Twenty-seven searchable collections of primary source materials: maps, photos, newspapers, manuscripts, pamphlets, portraits, sermons, poems, etc. Note that because it is provided through BC Government funding, access is limited to residents of British Columbia.
Browse by collection (all 27 collections)
This unique platform provides an unprecedented, seamless research experience that helps scholars find a starting point, search across a wide array of materials and points in time, and discover new ways to analyze information.
The Chatham House Online Archive: the publications and archives of the Royal Institute of International Affairs is a multi-disciplinary resource bringing a 20th and 21st century world perspective to researchers and students.
Slavery and Anti-Slavery: A Transnational Archive is a historical archive that embraces the scholarly study of slavery in a comprehensive, conceptual, and global way. Once completed, this digital collection will comprise five million pages of documents selected by a renowned board of scholars.
The largest digital manuscript archive of its kind, State Papers Online, 1509-1714 gathers together 16th- and 17th- century British State Papers and links these rare historical manuscripts to their fully text-searchable calendars.
Gale News Vault delivers single-point access to Gale’s ever-growing collection of historical newspapers and periodicals — currently more than 12 million digitized facsimile pages from newspapers and periodicals around the world.
This extensive digital archive includes hundreds of thousands of pages of rare manuscripts, poems, plays, essays, novels, diaries, journals, correspondence, and other manuscripts from the year 1100 through the Victorian era.
Focusing on the United States, this collection provides direct information on the critical policies and events of post World War II era, including reports from Cabinet meeting minutes, National Security Council policy statements, CIA intelligence studies, presidential conferences, State Department political analyses, and Joint Chiefs' papers.
An open educational resource with peer-reviewed content for world and global history teachers, scholars, and students. This website provides more than 1,700 annotated primary sources, 100 teaching guides, 30 overviews of methods and approaches, and 250 website reviews.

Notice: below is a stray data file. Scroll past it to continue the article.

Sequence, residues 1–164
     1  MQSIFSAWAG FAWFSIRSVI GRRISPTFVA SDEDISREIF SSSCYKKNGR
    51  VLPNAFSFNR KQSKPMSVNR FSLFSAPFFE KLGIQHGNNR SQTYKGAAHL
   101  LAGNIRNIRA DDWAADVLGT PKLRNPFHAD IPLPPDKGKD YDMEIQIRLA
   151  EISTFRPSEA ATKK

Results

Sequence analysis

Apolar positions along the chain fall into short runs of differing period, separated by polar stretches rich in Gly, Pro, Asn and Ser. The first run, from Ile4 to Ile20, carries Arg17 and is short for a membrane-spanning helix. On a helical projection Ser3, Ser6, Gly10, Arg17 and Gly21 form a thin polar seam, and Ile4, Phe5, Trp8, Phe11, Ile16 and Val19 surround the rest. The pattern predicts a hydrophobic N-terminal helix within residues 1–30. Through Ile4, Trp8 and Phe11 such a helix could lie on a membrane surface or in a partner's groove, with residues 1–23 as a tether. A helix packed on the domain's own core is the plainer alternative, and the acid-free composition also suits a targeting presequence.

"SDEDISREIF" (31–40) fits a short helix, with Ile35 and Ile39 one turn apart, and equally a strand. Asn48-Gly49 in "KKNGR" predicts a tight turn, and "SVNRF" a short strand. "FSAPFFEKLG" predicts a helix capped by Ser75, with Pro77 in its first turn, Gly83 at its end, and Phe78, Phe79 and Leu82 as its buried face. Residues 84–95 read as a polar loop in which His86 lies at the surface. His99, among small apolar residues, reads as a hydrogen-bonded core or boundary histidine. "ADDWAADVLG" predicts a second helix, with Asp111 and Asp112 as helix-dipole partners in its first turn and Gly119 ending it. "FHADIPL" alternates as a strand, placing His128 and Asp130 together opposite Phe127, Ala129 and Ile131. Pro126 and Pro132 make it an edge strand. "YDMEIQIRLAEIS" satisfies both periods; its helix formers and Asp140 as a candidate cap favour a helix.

Texts of laws and other original documents.
Newspaper reports, by reporters who witnessed an event or who quote people who did.
Speeches, diaries, letters and interviews - what the people involved said or wrote.
Datasets, survey data, such as census or economic statistics.
Photographs, video, or audio that capture an event." (https://umb.libguides.com/PrimarySources/secondary)
Finding primary sources can be very time-consuming and frustrating, especially when you're researching an unfamiliar topic.
One of the best ways to find primary sources is to note which ones were used in secondary sources such as articles and books. When reading them, pay attention to the primary sources they mention and make a note of the exact titles, authors, translators, etc. Many primary sources are available online, but finding them without the exact title of the document you're looking for can be challenging.
Searching the TWU Library Catalogue
TWU library has books containing primary documents. The most reliable way to find them is to do a "Keyword" search of Library OneSearch (the default library search) using a keyword that describes your subject and adding search terms such as "sources," "documents," or "reader," etc. For example, a OneSearch search for Greek history sources gives a good number of results. Limit your results to print books. Subject Term that describe the book. Clicking on a Subject Term link takes you to other books on the same subject.
Note that the resources available from Early Canadiana Online are now linked to the library catalogue and may appear in your catalogue search results.
Browsing for Primary Sources
This guide has links to online collections of documents, usually put together by other academic institutions.
We also have a browsable list of many of the print primary sources in the library in this PDF file.
Note that finding useful documents this way can be time-consuming and unsuccessful.
Search engines are useful for finding a particular document or author. Search for the exact title of the document in quotation marks, if you have it. Otherwise, use terms unique to the document you are searching for combined with "primary documents" or "primary sources."
Wikipedia shouldn't be cited as a source, but it is a good source of links to primary documents. Search for the subject you're researching, go to External Links at the bottom of the article and see if there are any links to sites with primary documents. If you're researching a historical person, look at their Wikipedia entry for a list of their works. Some may be linked directly to online translations.
Google Books may have the full text of works in the public domain. It's not the best place to start a search, but worth a try if other sources fail.
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